Factory output put on a poor showing last month, growing by a less-than-expected 4 per cent year on year. This was smaller than October's revised 8.3 per cent surge and the 5.3 per cent rise predicted by private-sector economists.
Biomedical and chemical manufacturing, which fell 2.1 per cent and 2.7 per cent respectively, are largely to be blamed for the underperformance.
Minus the volatile biomedical manufacturing, factory output would have jumped 5.5 per cent, according to the Economic Development Board which released the latest industrial production numbers yesterday.
Month on month, factory output in November fell a seasonally adjusted 2.8 per cent from October - a bit better than the 3.1 per cent dip expected.
Excluding biomedical manufacturing, factory output tumbled 4.7 per cent month on month.
United Overseas Bank economist Alvin Liew described the latest factory output performance as "lacklustre" but, together with OCBC's Selena Ling, he remains hopeful that the gross domestic product (GDP) will stay within the 3.5-4.0 per cent official growth forecast.
Both also expect manufacturing to improve in 2014 when global demand picks up.
"We are particularly positive on semiconductor demand on the back of healthy Asian semiconductor sales at near 10 per cent monthly growth while the Americas has been registering double-digit growth since June," Mr Liew says in a report.
Ms Ling adds: "We expect that the manufacturing sector will maintain its improvement into 2014 and more than double the expected 1.4 per cent year-on-year growth seen in 2013."
OCBC tips the Singapore economy to expand 3-4 per cent in 2014. UOB has predicted that Singapore's GDP will rise 4.3 per cent next year, backed by a recovery in manufacturing.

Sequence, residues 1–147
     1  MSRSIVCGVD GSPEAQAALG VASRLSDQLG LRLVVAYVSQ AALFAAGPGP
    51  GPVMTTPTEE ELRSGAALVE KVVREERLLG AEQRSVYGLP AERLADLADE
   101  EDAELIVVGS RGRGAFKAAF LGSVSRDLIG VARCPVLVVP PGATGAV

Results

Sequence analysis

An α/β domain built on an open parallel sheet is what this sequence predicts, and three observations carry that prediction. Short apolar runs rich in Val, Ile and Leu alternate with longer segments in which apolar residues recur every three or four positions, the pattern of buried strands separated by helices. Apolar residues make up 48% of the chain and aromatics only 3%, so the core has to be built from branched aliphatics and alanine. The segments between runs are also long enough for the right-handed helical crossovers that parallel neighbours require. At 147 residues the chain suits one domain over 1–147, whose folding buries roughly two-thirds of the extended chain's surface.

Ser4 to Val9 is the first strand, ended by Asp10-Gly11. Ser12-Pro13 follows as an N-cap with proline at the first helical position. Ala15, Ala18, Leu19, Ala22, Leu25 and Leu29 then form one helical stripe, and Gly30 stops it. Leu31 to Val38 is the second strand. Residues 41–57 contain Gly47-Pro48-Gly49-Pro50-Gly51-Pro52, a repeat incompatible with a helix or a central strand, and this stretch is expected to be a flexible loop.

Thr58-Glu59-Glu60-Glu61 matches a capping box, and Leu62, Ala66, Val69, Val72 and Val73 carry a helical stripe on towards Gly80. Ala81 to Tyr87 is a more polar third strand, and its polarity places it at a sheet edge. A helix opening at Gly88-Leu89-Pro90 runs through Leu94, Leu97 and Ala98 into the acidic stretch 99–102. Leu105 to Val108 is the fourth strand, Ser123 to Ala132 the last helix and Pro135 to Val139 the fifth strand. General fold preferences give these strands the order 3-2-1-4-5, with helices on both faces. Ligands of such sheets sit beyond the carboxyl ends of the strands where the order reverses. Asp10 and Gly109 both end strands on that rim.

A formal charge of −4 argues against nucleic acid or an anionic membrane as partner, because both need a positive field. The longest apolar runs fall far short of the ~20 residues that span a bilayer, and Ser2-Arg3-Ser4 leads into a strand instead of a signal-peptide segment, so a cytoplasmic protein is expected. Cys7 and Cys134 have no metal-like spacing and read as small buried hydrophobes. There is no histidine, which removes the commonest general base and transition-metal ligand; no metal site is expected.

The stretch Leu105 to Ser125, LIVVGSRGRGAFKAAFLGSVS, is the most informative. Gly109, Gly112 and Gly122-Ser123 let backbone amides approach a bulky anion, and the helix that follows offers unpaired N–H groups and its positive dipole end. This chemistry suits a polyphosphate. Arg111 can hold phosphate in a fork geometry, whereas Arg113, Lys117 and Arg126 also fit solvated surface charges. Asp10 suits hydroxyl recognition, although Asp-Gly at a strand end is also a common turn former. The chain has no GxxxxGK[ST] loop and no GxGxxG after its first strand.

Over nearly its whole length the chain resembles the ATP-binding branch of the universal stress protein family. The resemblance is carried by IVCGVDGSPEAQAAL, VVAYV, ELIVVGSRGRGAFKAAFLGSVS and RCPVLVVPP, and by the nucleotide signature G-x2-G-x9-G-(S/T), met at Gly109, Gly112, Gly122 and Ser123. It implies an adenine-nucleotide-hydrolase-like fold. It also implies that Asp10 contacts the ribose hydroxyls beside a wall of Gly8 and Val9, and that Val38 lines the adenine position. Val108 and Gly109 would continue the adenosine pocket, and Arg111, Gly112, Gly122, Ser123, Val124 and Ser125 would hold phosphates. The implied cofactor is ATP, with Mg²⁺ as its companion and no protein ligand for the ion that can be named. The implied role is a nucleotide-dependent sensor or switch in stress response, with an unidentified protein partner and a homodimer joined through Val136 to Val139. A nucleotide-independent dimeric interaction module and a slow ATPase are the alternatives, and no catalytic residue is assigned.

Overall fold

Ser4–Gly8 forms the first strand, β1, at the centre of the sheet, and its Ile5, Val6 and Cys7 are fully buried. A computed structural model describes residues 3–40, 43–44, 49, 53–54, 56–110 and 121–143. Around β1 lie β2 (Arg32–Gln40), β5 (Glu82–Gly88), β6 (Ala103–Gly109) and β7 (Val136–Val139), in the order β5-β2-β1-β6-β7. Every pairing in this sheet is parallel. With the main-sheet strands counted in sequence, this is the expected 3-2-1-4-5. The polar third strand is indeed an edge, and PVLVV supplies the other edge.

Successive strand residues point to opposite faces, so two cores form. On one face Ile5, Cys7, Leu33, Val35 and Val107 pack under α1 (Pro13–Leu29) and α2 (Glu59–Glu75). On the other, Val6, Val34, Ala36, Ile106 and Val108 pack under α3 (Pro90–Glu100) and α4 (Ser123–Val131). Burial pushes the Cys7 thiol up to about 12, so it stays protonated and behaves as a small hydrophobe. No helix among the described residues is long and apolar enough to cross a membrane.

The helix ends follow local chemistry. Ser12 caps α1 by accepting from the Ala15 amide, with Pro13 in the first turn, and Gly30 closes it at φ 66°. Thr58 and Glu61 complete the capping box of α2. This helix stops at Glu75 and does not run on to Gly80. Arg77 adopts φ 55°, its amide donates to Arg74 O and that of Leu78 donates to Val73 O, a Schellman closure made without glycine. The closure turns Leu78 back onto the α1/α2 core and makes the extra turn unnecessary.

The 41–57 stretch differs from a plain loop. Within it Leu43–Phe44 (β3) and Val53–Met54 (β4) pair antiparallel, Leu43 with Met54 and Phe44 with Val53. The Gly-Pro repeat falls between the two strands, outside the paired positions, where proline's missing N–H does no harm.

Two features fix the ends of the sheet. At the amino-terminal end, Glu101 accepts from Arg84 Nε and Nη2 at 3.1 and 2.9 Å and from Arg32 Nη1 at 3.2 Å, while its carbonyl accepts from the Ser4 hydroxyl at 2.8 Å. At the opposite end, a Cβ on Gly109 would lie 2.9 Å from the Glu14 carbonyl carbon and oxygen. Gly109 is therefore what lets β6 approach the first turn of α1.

For the first 11 months of this year, factory output grew one per cent, in line with UOB's forecast. And Mr Liew says the latest factory output data has not altered UOB's GDP outlook for the fourth quarter.
The Ministry of Trade and Industry will release the advance GDP estimates for the fourth quarter and the full year next Thursday.
EDB's report yesterday on the latest industrial production figures said biomedical manufacturing, which dropped for a second straight month, after slipping 2.8 per cent in October, was pulled down last month by pharmaceuticals which fell 3.2 per cent, easing from a 7.5 per cent decline in October.
Still, biomedical manufacturing output was up 1.7 per cent year to date.
Chemicals were dragged down last month by petroleum which extended its fall from 5.8 per cent in the previous month to 17.2 per cent in November.
Year to date, chemicals stayed up at 0.2 per cent.
Last month's factory output growth was attributed to an 11 per cent rise in electronics which, in turn, was propped up by gains in the electronics modules & components (up 22.7 per cent), computer peripherals (17.9 per cent) and semconductors (17.8 per cent) segments.
It was the eighth consecutive monthly year-on-year increase for electronics, though the increase was less than half that of October's (23.4 per cent). Year to date, electronics rose 1.8 per cent.
Transport engineering continued to be the other outperforming cluster last month, but the the pace of growth slowed from 10.2 per cent in October to a single-digit 6.3 per cent.